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Tainted Celery Sickens at Least 6 in Texas; 4 Die

posted on October 22, 2010


SAN ANTONIO (AP) — Texas health officials have shut down a processing plant linked to contaminated celery that sickened at least six people this year, four of whom died, and ordered the recall of all of the produce that has passed through the plant since January.

SanGar Produce & Processing Co. issued the recall Wednesday after its plant in San Antonio was closed down. The Texas Department of State Health Services traced six of 10 known cases of listeriosis in the state during an eight-month period to celery processed there. The agency is investigating the origins of the other four cases, which include one death.

Of the 10 cases that the state is investigating, two were in Travis County. Both were adults, said Department of State Health Services spokeswoman Carrie Williams.

Carole Barasch, spokeswoman for the Austin/Travis County Health and Human Services Department, said one of the cases in Travis County occurred in March and the other was in May. Both people recovered, Barasch said.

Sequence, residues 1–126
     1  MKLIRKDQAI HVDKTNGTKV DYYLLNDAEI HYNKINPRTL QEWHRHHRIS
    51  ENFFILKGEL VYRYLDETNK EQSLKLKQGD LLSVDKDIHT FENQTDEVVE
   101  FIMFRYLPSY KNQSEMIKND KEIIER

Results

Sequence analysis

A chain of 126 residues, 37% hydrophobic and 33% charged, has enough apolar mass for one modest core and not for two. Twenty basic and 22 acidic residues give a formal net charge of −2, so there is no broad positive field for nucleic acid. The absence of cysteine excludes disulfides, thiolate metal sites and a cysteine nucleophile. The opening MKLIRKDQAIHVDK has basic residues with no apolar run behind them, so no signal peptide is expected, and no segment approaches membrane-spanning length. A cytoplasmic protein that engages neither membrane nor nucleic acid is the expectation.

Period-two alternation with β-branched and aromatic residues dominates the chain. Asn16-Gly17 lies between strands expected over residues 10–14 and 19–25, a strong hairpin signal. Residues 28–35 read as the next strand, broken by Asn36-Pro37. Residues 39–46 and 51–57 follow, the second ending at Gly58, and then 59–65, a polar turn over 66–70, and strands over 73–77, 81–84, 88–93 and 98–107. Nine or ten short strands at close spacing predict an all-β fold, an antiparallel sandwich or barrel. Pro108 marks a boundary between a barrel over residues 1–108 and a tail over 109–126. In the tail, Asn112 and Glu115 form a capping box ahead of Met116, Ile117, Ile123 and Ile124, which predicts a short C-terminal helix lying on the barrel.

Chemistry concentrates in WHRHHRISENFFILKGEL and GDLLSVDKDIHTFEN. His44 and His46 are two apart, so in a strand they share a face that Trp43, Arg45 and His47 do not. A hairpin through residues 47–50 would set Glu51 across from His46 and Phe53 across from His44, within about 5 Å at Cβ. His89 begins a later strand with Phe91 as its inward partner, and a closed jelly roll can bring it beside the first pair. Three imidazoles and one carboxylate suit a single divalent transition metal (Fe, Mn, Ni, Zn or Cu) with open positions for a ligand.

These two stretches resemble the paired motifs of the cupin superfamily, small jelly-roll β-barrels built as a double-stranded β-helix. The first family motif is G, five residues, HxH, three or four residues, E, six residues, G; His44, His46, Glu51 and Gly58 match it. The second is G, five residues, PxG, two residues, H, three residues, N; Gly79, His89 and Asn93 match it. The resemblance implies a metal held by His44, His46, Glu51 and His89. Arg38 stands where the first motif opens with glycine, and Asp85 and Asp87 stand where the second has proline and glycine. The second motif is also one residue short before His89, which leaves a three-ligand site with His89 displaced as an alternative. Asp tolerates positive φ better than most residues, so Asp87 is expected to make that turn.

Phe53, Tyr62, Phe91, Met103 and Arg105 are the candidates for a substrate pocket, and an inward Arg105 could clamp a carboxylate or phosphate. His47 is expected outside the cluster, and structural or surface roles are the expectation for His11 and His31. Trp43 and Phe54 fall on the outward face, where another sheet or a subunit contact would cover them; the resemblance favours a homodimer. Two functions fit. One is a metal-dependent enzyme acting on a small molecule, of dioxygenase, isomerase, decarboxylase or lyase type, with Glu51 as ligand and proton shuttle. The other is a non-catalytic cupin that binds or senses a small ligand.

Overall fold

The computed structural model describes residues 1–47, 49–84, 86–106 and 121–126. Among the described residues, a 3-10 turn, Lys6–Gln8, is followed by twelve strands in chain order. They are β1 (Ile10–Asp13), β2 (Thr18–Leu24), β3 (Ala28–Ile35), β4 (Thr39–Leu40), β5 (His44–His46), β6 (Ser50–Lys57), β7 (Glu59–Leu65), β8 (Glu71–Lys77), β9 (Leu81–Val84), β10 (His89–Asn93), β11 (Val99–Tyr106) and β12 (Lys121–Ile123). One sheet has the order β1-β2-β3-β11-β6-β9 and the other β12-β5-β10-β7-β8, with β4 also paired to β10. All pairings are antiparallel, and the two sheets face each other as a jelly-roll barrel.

Health inspectors found problems with sanitation at the plant, including a condensation leak over a food production area. The health department is trying to determine whom the now-recalled produce was sold to and whether it was used in other products. The agency recommends that customers throw out or return all SanGar products.

Williams said Thursday that the state asked the company to close voluntarily but it refused.

Kenneth Sanquist Jr., the company's president, said in a statement Thursday that the state used flawed methods to collect its samples. The sample at the plant "appears" to have been taken by someone not wearing proper lab attire and proper gloves and was transported in a unrefrigerated container, he said.

Williams said the agency stands by its analysis and lab results.

Health officials are trying to determine how much potentially tainted produce has passed through the plant since January. Some of the celery was grown in California, but there appeared to be no problem with it until it reached the SanGar plant, Williams said.

Health officials said the produce was sold to restaurants, schools and hospitals, but they don't think it was sold in grocery stores.

"We know their customers include schools and hospitals. It was absolutely crucial that we protect these populations," Williams said.

Aside from those in Travis County, the 10 people who contracted listeriosis were in Bexar and Hidalgo counties. Williams said the agency had no information that the recalled produce — which also includes lettuce, pineapple and honeydew — were distributed outside Texas.

All 10 people who contracted the disease in Texas already had underlying serious health problems, the health department said.


Tags: diseases food food safety news Texas